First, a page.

What is beauty, and why does mainstream culture seem to equate beauty with a certain age range and body type, especially when it comes to women? The answer is complex and requires us to critically examine movies, TV shows, and other media that we love (or don’t). We know something’s wrong with expectations for women in Hollywood and media being produced there, but what can we do about it?

Holly Fulger is ready to get to the bottom of the mystery in The Hollywood Beauty Detective, a series created with the help of Indiegogo crowdfunding. Holly has a decades-long career in acting and modeling – and to her, beauty was often at the center of success.

In her series, Holly will solve these complicated beauty mysteries and open a healthy conversation about image.

 

Traversing the worlds of business, press, and entertainment as a thirtysomething, I’ve also noticed these issues affecting those I care about. The women in even the most progressive mainstream movies hardly reflect the diversity in age, race, and body type as the women I know in real life.

Hoping to learn a bit more about this topic, I reached out to Holly with some questions about women, beauty, and Hollywood.

Tara M. Clapper: Is there a positive side to being an aging woman in Hollywood?

Holly Fulger: Yes!!! Look at the women who are leading the way…Helen Mirren, Meryl Streep, Francis McDormand. With age comes wisdom and freedom.

TMC: Rene Zellweger was in the news recently regarding her changed appearance. Do you think fans and critics have the right to comment on public figures in this way?

HF: I believe it is pretty terrible what has been set up here. We live in a culture that idolizes the young. We are told that being young equals beauty. So, when a woman such as Rene Zellweger then tries to emulate that which she is told is “beautiful” she is judged, mocked, and shunned. How is that in any way fair?

Holly Fulger, The Hollywood Beauty Detective

Holly Fulger, The Hollywood Beauty Detective

TMC: Is plastic surgery a standard for women in Hollywood? Does it empower and help a woman to receive it, or does it simply send the wrong message to fans?

HF: I think there are so many treatments that are being done today in the pursuit of youth and beauty and it’s a fine line between what is considered a simple treatment (laser facials, fillers, botox) and what is full on plastic surgery. Yes, many women I know do all of the above. And for some, it probably is empowering in the moment, if we do indeed believe that being beautiful means being young. However, I also believe that as we become more accepting and comfortable with aging and are able to see an aging woman’s intrinsic beauty, perhaps the need to stay young will shift.

TMC: From an outsider’s perspective, it seems like Hollywood is a pretty progressive environment. Is that the case? If so, why isn’t it always reflected in the types of roles available for women versus men?

HF: Yes. progressive in some ways, not so progressive in others. The role of women and our objectification in society runs very deep. To change this we need to push back and voice our dissatisfaction. It isn’t fair and it needs to change. The more vocal we are about it the more it will change.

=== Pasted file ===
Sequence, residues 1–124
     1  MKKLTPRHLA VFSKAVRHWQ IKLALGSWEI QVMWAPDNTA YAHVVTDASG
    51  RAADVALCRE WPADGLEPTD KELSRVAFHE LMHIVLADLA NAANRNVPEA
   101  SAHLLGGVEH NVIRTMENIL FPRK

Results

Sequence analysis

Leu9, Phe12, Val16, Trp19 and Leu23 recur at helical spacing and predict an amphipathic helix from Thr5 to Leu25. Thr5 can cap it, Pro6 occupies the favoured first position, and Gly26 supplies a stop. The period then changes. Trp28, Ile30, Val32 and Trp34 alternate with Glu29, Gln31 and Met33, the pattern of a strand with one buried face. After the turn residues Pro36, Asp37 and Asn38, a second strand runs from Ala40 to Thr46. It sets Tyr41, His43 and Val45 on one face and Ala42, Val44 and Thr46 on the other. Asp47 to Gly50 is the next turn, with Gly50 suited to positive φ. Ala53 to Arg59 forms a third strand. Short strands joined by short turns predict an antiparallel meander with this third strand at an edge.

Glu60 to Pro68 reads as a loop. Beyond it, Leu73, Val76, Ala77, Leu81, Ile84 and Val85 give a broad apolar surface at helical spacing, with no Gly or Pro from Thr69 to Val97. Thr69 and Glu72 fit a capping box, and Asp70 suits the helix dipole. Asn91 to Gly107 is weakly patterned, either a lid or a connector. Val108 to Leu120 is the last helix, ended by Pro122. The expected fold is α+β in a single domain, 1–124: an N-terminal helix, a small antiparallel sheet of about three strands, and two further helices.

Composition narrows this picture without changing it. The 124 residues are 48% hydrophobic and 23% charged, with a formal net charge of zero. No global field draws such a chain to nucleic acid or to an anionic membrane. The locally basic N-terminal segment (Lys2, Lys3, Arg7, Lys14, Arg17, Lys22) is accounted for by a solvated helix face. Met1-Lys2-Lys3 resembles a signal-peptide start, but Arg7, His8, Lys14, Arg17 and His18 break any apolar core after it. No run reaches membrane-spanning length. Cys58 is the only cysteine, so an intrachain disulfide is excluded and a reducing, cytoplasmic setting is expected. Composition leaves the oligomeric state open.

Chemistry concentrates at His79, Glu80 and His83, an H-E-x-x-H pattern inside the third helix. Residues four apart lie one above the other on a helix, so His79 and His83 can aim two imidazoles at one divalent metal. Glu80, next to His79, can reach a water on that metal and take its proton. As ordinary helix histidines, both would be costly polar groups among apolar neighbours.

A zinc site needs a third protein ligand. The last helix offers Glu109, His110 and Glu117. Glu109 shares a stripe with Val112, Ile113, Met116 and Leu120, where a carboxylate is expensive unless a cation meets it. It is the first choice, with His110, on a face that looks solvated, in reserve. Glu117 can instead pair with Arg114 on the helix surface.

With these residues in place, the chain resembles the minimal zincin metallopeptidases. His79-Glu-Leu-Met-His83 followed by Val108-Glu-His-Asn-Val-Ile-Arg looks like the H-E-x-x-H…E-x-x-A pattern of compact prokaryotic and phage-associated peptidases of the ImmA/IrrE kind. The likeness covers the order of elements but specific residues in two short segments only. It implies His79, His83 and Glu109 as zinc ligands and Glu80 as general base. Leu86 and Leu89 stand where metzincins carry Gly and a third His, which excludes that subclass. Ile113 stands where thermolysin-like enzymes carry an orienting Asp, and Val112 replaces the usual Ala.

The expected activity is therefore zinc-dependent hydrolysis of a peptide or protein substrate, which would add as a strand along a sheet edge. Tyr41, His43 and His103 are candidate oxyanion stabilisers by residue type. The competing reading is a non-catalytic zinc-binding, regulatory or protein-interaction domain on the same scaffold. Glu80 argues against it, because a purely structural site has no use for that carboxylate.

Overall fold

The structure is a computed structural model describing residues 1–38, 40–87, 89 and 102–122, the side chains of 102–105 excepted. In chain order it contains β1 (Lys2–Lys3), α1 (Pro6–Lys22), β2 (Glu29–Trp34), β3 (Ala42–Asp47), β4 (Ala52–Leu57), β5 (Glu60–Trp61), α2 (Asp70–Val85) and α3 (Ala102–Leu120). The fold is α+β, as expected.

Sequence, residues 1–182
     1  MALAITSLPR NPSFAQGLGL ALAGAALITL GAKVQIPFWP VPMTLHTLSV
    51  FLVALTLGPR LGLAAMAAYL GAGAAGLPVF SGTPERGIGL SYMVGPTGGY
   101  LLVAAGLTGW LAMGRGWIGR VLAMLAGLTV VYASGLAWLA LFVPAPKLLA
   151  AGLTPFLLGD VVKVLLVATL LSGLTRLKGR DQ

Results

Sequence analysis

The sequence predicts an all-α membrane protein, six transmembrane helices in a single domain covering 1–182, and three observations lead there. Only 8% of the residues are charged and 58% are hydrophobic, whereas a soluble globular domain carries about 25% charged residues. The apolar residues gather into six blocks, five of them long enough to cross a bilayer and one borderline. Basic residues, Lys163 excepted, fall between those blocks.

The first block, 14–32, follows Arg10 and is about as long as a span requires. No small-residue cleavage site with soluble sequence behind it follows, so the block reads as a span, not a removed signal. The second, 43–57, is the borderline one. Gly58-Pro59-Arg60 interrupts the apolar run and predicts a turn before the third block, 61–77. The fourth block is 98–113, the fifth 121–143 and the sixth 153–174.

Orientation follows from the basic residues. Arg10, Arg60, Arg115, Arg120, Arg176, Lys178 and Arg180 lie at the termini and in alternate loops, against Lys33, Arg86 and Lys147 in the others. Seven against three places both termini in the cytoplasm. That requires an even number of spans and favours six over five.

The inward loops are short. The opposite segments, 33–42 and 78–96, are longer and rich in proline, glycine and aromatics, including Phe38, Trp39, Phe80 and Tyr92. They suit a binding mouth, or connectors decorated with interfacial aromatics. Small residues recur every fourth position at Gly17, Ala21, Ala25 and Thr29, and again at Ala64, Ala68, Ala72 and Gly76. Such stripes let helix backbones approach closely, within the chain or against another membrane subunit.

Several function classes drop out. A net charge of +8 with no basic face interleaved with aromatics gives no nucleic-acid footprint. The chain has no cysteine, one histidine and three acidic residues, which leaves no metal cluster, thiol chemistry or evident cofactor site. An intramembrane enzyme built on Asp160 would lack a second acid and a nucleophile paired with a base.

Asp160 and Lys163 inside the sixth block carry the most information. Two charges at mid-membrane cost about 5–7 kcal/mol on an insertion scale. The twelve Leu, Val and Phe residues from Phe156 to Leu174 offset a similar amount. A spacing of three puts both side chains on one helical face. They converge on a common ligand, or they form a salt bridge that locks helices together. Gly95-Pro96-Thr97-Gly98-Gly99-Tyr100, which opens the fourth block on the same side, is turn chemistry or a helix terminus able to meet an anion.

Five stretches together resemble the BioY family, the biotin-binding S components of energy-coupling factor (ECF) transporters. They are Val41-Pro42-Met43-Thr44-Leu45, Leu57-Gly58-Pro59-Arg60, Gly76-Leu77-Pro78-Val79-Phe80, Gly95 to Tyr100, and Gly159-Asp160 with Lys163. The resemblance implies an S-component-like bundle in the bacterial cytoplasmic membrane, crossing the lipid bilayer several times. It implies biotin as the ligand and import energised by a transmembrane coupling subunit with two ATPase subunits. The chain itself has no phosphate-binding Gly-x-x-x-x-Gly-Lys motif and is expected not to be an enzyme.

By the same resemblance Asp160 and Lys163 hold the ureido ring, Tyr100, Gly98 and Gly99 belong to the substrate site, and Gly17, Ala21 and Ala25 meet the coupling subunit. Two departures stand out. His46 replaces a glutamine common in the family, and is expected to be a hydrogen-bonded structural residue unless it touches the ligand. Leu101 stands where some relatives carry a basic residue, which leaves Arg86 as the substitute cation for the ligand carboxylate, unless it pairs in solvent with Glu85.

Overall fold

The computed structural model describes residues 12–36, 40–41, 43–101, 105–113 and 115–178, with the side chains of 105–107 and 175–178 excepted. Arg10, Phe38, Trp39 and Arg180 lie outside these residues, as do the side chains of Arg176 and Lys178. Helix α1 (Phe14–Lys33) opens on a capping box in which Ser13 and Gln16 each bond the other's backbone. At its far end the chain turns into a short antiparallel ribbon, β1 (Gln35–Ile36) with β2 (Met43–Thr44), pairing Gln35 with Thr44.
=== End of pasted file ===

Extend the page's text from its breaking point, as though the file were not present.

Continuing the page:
TMC: Why is it important for audiences to see more realistic women in the media they consume?

HF: Because we are trying to emulate that which doesn’t even exist. It is an unattainable ideal and it is a horrible set up for girls and women. A bill called the Truth in Advertising Act of 2014 was introduced in March and it requires the federal regulators to submit a report to congress that contains “a strategy to reduce the use in advertising and other media for the promotion of commercial products of images that have been altered to materially change the physical characteristics of the faces and bodies of individuals depicted.”

TMC: How has the notion of beauty standards impacted your young daughter?

HF: My daughter is very strong and has a very intact sense of self. That said, she is a dancer and spent last summer at a summer intensive with the Houston Ballet. The pressure she felt to be skinny as a ballet dancer was intense. It was actually so extreme that she decided that if that level of scrutiny and “thinness” was necessary to excel in ballet, her focus was going to shift and it has. She is much more focused on modern and jazz and will most likely follow that course.

The Hollywood Beauty Detective.

The Hollywood Beauty Detective.

TMC: What are some positive examples of shows and movies representing more realistic or varied women?

HF: You know, I love to watch shows out of the UK because the actors just seem to look like real people. I watched “Broadchurch” recently and I loved it. It’s a police procedural and the female lead is fantastic and looks like she could live next door. It was remade for the US this year and called “Gracepoint.” The female lead was recast. I favored the one from the UK.
My daughter loves “Orange Is The New Black” but I haven’t watched that yet.

TMC: I hear a lot of people say they want to see more realistic portrayals of women in TV and film – so if there’s a market for this, why isn’t it happening?

HF: Advertisers, advertisers, and advertisers. If advertisers control what we see, and we, in turn, are a reflection of that, it’s up to us to speak up and voice our dissatisfaction.

TMC: How can The Hollywood Beauty Detective make an impact?

HF: If it’s up to us to change things, this is my way. It is my way of saying, “I suffered because of this. I have spent my life in constant turmoil about my physical appearance. Let’s explore this together and see how we can change it.”

I truly invite everyone to come on this exploration with me. I am learning at the same pace as everyone else. And I believe that together we can shine some light on this issue and make a difference.

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